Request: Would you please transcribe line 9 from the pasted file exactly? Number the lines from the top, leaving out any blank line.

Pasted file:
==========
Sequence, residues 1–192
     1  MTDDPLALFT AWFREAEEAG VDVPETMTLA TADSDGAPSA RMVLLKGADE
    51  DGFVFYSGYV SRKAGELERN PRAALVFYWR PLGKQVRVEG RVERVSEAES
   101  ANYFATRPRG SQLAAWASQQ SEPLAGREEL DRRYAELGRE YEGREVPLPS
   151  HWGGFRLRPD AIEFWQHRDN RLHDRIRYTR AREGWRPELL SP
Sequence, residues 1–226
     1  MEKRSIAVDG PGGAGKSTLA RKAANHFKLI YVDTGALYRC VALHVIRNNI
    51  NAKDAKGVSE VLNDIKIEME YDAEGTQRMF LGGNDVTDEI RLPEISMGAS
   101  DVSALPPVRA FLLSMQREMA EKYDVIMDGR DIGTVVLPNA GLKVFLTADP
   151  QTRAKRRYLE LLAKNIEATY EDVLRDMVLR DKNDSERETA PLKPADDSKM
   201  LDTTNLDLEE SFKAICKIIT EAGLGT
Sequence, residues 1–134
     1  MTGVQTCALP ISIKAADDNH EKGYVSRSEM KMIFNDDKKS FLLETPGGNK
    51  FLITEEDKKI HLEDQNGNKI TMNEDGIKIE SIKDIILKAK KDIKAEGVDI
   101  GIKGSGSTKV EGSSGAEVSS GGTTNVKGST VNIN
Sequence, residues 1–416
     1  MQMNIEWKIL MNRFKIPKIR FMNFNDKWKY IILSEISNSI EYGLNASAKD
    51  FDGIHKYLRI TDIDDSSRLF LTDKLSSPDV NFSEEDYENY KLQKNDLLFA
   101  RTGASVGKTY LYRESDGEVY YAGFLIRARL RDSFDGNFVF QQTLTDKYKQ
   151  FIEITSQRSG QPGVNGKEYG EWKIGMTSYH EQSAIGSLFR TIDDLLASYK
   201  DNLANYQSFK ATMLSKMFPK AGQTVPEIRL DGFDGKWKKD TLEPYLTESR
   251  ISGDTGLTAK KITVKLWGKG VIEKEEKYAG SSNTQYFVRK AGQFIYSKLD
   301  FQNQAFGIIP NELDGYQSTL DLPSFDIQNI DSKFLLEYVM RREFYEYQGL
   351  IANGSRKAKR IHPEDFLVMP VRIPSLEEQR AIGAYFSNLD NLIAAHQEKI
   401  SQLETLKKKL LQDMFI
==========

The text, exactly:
   101  DVSALPPVRA FLLSMQREMA EKYDVIMDGR DIGTVVLPNA GLKVFLTADP